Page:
The rectangular survey system was enacted by the Land Ordinance
Act of 1785. Now known as the Public Land Survey System, this system
divided the western lands into grid-shaped townships and sections. Surveyed
land was sold by the government, providing important revenue for the cash-starved
nation. Previous to the Public Land Survey System, land was surveyed using
a confusing landmark-based system called metes and bounds.
The Public Land Survey System is coordinate-based, with all
distances and bearings made from north-south running meridians and east-west
base lines. The largest subdivision of land is the Public Land Survey
Township (as opposed to political township), and measures six miles square. Each township is comprised of 36 sections, and each section has an area of
one square mile (640 acres).
Office of U.S. Surveyor General
The office of U.S. Surveyor General was created in 1796 to
survey lands as the nation expanded westward. In 1836 the office was
placed under the jurisdiction of the General Land Office (GLO). In 1849,
the GLO was moved under the Department of Interior. The office of Surveyor
General was closed in 1925, and surveying responsibilities remained with the GLO. In 1946, the GLO was abolished, and surveying duties transferred
to The Bureau of Land Management (BLM).
Surveying in Minnesota
The earliest land surveys in Minnesota were conducted under
the jurisdiction of the Surveyor General of Iowa and Wisconsin, headquartered
in Dubuque, Iowa. These surveys, completed between 1848 and May 1857
were primarily on land located between the St. Croix and Mississippi
rivers or in the southeastern corner of Minnesota.
The Office of Surveyor General of Minnesota was established
in 1857 — one year before statehood — and was responsible for conducting the
original government survey in the territory and state of Minnesota.
The surveyor general’s primary duties were to award contracts for the survey
of specified tracts, supervise the field work of the deputy surveyors, prepare
the official plats, and manage the accounts of the office.
Because part of Minnesota had belonged to the Northwest Territory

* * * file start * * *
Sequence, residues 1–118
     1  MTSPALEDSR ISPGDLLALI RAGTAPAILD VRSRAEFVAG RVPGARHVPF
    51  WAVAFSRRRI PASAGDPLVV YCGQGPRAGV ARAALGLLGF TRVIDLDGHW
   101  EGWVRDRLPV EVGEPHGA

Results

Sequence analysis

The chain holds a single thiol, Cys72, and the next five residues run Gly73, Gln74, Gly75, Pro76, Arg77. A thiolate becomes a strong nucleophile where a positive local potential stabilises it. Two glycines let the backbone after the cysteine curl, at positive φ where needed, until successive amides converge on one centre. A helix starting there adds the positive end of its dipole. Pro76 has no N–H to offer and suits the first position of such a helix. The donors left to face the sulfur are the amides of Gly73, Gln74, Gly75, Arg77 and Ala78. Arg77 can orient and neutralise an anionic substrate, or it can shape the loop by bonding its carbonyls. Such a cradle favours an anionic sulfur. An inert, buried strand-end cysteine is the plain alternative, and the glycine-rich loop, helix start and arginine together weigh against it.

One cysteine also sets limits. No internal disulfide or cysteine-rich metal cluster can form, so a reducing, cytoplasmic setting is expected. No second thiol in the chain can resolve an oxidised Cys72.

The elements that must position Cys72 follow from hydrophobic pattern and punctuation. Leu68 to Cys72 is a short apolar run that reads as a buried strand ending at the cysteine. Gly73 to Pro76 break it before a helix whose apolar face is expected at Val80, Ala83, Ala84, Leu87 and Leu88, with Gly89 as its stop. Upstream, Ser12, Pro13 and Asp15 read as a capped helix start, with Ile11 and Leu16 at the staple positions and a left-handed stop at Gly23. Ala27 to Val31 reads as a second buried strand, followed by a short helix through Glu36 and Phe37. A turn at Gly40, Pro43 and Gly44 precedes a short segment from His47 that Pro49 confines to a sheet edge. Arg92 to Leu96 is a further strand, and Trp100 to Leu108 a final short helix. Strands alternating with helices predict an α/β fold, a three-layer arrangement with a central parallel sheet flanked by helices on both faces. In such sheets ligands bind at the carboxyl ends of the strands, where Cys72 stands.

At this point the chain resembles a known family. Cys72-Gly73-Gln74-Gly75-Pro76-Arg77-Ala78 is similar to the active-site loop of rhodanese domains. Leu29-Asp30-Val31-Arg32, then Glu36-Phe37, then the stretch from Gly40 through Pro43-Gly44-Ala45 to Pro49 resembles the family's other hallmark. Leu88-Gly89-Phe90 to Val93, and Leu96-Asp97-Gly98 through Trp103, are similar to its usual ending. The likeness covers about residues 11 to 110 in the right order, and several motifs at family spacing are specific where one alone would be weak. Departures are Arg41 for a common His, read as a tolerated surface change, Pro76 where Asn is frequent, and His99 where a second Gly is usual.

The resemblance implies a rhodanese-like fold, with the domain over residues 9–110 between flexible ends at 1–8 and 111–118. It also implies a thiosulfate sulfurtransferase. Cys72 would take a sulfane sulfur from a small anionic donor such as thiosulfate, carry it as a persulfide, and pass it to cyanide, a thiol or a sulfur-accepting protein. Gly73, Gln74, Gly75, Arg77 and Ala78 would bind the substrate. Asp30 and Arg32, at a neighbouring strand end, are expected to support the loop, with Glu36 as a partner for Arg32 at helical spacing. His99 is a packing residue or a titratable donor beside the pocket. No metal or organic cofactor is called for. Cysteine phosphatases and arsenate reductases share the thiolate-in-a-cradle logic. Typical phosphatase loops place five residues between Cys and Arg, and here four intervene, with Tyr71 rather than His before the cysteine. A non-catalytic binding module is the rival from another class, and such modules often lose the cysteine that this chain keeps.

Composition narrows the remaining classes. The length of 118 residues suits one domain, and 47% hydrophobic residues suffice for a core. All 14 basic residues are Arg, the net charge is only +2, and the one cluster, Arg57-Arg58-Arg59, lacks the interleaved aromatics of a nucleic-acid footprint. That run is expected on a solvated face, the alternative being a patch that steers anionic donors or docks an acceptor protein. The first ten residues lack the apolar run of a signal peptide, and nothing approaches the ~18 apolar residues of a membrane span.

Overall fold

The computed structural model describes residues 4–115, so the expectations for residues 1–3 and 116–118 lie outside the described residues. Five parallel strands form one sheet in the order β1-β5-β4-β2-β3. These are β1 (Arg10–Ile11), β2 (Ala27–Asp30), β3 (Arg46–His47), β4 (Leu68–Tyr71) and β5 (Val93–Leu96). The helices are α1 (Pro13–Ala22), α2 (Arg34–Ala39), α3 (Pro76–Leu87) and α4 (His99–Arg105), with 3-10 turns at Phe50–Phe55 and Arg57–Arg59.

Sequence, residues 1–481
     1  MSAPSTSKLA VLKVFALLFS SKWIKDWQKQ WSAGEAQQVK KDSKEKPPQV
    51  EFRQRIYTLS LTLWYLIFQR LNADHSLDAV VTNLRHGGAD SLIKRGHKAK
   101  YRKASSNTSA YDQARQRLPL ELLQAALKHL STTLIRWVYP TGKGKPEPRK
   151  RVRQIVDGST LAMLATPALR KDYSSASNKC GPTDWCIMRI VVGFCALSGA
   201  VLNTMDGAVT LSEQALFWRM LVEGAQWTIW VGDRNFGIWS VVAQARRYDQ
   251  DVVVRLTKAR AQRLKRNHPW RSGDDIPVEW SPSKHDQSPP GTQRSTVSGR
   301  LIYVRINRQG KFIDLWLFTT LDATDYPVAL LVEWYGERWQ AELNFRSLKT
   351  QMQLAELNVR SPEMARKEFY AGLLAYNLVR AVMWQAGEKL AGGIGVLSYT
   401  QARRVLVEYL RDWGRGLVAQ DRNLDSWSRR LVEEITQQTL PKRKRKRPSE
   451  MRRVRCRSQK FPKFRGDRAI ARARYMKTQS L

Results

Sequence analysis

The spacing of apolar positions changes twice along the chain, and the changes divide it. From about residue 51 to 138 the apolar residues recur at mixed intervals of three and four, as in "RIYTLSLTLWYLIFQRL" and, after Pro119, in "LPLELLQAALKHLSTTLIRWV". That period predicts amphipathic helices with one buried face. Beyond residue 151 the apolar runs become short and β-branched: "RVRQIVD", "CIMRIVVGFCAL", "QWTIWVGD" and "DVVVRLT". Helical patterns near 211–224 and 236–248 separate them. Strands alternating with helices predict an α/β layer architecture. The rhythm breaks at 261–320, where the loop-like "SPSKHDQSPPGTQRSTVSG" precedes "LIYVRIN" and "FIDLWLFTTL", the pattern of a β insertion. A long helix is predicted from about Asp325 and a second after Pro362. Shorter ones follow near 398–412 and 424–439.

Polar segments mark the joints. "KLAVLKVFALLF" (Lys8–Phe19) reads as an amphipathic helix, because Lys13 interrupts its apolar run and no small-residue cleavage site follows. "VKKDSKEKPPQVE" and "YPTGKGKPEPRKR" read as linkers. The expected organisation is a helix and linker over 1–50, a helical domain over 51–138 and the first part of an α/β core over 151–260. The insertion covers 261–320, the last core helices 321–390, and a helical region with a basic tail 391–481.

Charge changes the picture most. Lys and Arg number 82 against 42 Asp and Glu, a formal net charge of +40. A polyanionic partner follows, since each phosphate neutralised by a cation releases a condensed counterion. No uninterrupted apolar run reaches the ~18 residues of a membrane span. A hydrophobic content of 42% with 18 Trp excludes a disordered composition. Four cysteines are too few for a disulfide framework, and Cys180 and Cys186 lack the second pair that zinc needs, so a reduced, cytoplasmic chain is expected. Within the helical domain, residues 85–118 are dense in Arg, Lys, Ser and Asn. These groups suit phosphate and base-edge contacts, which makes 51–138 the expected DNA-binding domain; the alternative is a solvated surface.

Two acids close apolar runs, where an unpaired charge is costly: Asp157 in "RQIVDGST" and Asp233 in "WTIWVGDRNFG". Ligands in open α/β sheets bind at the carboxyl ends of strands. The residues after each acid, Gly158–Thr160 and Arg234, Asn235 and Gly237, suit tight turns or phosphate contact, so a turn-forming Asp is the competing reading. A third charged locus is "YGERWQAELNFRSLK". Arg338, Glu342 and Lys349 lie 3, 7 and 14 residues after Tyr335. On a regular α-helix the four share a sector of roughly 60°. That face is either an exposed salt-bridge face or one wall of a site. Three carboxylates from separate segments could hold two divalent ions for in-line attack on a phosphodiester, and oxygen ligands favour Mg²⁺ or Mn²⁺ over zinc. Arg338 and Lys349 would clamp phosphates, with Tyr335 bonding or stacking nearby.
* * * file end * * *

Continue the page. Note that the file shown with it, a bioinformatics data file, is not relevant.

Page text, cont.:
and part to the Louisiana Territory, land in the state was subject to two
different surveys. Land east of the Mississippi was platted under a
survey originating on the Galena Base Line (near the Wisconsin-Illinois border)
and was controlled by the 4th Principal Meridian. The survey
of land west of the Mississippi commenced on the Clarendon Base Line (running
through Clarendon, Arkansas) and was controlled by the 5th
The Office of Surveyor General of Minnesota continued to operate
until December 1907, when the survey of Minnesota was complete except for
some areas in the north of the state. After 1907 the commissioner of
the GLO served, ex officio, as Surveyor General of Minnesota, and was
responsible for completing the survey and answering questions relating
to the survey.
How the Plats Were Created
The survey progressed continuously in some areas and discontinuously
in others. The surveyor general and the commissioner of the GLO decided
which tracts were to be surveyed in a given fiscal year. Preference
was often given to lands that had commercial value and could be sold immediately.
The ongoing settlement of Indian lands also affected the process. Often
reservation lands were not surveyed until significantly later.
In The Field
Contracts for survey work were awarded to deputy surveyors
by competitive bid. The deputy surveyor, with a crew of chainmen, axemen,
and a compassman, ran the survey lines in the field and was responsible for
erecting survey monuments, marking “bearing trees,” and recording all measurements
in his field notes. The deputy surveyor’s work was verified by the surveyor
general, and the field notes and plats submitted to the commissioner of the GLO
Distances were measured using chains and links. Chains
measured 66 feet long, with 80 chains equaling one mile. Each chain
was made up of 100 links of 7.92 inches each. Alignment was determined
using a compass or a solar compass. In areas where measuring by chains was
not possible, such as lakes or hilly terrain, distances were calculated
To demarcate the boundaries of townships and sections, surveyors
usually placed monuments — typically wooden posts — at township and section
corners, and at quarter-section corners. To insure these corners could
be found if the posts were destroyed, surveyors marked “bearing trees” nearby
the posts. In prairie areas, they built earth mounds around the posts,
about three feet high.
When a corner fell in a body of water, a “meander corner”
was established, and the true corner then ascertained by triangulation or
direct measurement. Meander corners marked the intersection of section
lines and a water body. A “witness corner” was used to designate a section
or quarter corner when the corner was located where monumentation was impractical.
The deputy surveyor was also responsible for mapping the physical
geography of surveyed lands. Plats show lakes, rivers, swamps, waterfalls,
and areas of prairie and forest, and other features. In areas with navigable
watercourses or sizeable lakes, plats sometimes include surveys of bank meanders.
Also occasionally noted are man-made features such as settlements and roads.
The deputy surveyor’s field notes include more detailed information, such
as soil type, vegetation, and mineral deposits. The field notes have been
digitized and are available on-line at:
www.glorecords.blm.gov The original field notes are preserved
State Archives of the Minnesota Historical Society. Since the
original field notes are fragile, and digital copies are available for
use, the field notes may only be used with permission of the Minnesota